The wonder of music is its ability to combine creativity, passion and history into one collective sound. Jazz violinist Regina Carter showcases this phenomenon in her latest album, Southern Comfort, which explores and honors popular music during her grandfather’s days as a coalminer in Alabama.
Carter will be performing Southern Comfort at the Mondavi Center for the Performing Arts on Nov. 1. The event is part of the Mondavi Center’s Director’s Choice series. The series is a selection of shows featuring performers that Don Roth, executive director of the Mondavi Center, holds close to heart. Roth said he had much respect for Carter’s passion and authenticity as a musician.
“What’s so cool about Regina’s project is that it is a very different kind of music from the [traditional] jazz she’s famous for,” Roth said. “It is ‘roots’ music in the most authentic sense of the word. She’s exploring music that her grandparents knew when they were growing up in the Deep South, but she makes it [modern and] her own.”
Also involved is African American and African Studies professor Elisa Joy White, who’ll be hosting a pre-performance talk alongside Carter.
White said she is excited to discuss Carter’s creative process — namely, how Carter turned her exploration of race, culture and class into sound.
“Students don’t have to know anything about jazz or [traditional folk music] to understand and enjoy [Carter’s music],” White said. “There’s always a sense that [Carter] and her violin are engaging in a very contemporary moment. There is some atavistic memory that comes forth when you experience [her music].”
To compose the historically rich project, Carter joined ancestry.com to reach her relatives all over the nation. Together, they exchanged stories about Carter’s grandfather and pieced together his life.
Carter also listened to field recordings from her grandfather’s time, mainly of solo voices singing traditional folk songs. She found such recordings on the internet and in the Lomax and John Work III collections from the Library of Congress.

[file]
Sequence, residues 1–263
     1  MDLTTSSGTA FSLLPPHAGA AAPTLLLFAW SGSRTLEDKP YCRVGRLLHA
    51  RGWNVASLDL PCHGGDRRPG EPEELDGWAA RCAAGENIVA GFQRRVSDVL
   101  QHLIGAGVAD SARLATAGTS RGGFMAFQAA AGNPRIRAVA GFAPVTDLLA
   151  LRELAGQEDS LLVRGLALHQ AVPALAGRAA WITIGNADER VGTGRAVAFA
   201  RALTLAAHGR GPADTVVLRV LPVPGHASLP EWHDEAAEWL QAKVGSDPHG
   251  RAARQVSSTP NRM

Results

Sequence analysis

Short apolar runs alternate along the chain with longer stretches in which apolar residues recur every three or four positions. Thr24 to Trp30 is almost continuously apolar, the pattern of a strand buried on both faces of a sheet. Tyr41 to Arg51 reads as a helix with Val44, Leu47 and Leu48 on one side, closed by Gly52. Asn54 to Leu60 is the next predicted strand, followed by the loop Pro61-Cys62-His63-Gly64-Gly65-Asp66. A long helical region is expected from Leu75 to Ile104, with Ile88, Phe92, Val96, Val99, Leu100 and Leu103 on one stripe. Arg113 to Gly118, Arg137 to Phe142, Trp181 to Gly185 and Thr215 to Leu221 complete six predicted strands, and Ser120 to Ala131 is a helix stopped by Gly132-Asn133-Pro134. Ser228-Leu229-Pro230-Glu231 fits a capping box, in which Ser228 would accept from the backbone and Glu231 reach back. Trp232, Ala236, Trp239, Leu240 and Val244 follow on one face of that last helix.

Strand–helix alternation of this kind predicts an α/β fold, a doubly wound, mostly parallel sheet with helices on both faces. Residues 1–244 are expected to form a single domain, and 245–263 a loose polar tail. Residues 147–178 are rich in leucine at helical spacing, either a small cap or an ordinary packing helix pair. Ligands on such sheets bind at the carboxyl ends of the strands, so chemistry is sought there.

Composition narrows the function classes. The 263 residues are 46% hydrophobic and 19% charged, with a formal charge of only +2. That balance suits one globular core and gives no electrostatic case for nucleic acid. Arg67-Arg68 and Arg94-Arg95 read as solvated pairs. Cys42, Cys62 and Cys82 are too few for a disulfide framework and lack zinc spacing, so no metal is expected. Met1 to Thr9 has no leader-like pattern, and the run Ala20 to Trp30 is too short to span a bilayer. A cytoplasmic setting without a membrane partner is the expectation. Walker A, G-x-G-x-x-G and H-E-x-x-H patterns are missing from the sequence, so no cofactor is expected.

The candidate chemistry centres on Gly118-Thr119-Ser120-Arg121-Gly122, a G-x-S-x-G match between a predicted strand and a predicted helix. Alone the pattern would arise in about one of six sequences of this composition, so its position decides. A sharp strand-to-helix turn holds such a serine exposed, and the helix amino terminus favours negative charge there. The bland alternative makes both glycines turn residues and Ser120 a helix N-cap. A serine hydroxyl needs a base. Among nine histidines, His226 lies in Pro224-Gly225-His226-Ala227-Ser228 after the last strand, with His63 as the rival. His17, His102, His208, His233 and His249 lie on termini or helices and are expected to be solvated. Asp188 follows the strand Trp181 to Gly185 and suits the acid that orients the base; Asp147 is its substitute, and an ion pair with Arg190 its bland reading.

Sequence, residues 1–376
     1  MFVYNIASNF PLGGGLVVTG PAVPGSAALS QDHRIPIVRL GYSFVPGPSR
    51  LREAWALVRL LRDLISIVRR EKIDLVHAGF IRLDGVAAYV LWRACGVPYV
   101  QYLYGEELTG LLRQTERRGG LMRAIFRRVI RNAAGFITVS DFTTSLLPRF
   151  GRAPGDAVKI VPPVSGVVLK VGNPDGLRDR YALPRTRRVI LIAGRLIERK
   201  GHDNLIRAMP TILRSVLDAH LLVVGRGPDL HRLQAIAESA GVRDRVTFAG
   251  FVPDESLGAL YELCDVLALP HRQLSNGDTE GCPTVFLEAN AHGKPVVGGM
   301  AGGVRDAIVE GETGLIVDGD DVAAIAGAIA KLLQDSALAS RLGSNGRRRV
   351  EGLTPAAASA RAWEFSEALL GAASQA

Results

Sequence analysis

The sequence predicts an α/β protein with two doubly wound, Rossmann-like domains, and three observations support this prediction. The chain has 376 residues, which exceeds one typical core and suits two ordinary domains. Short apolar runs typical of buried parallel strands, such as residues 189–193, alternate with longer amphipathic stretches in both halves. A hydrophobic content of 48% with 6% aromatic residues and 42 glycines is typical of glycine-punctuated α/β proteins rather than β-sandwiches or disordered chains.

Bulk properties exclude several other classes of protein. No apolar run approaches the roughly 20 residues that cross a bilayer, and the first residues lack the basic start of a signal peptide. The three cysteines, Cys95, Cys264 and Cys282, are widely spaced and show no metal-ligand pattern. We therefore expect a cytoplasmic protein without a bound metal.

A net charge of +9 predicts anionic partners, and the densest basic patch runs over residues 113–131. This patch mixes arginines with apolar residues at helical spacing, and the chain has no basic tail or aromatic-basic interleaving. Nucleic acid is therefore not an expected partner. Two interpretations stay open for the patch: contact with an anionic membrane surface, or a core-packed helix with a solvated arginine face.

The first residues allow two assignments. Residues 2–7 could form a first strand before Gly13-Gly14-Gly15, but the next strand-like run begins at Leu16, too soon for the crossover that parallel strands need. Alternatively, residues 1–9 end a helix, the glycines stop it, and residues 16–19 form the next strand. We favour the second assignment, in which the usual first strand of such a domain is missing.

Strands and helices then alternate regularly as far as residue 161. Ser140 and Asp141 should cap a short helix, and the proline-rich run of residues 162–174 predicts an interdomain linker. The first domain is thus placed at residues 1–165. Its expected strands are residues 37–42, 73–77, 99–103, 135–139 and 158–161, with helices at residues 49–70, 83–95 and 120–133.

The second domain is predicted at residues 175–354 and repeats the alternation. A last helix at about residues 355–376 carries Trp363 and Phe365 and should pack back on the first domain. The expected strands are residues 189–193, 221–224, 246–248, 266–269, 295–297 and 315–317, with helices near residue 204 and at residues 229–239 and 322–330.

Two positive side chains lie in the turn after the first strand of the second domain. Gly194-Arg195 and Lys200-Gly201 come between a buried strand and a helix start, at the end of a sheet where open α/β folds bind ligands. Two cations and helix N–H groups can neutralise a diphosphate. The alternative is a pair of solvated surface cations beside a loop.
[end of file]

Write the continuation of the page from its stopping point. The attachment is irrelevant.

Carter said that she easily found an artistic connection with the recordings, which all arrangements from Southern Comfort are based on.
“In a way, it was easier to make arrangements around those recordings,” Carter said. “There’s very limited information [presented], so I could really act [musically] upon whatever I felt or heard. But, the main thing for me was to stay true to the [original melodies of the historic recordings] and not take away from the beauty that was already there.”
While Southern Comfort centers on paying homage to Southern folk songs, you can still hear Carter’s renowned style of incorporating diverse musical elements.
“[My band and I are] approaching this music and bringing to it our experiences,” Carter said. “You hear our experiences, but you also hear melodies from [my grandfather’s] time period.”
Each show will be a unique experience, as Carter will still implement jazz improvisational styles within her performance.
“With Southern Comfort, [improvisation] comes from knowing where this [folk] music comes from and from having heard a lot of music from that era,” Carter said. “[My band and I] are also inspired by each other on stage because, really, what’s going on is we’re having a conversation with one another.”
Overall, the project documents a myriad of memories from Carter’s time spent with her grandparents, to songs she remembers being lulled to sleep to. Regina said that Southern Comfort is a medley of narratives that ultimately shares with listeners a huge part of her heritage and identity.
“If you just heard the music by itself, it might not be a story,” Carter said. “But when we play live, I tell stories in between, which paints a picture [for attendees]. That’s my goal: that the music, in the end, paints a picture and hopefully inspires other people to discover their own ancestry.”
For show and ticketing information, please visit tickets.mondaviarts.org.
Photo by Regina Carter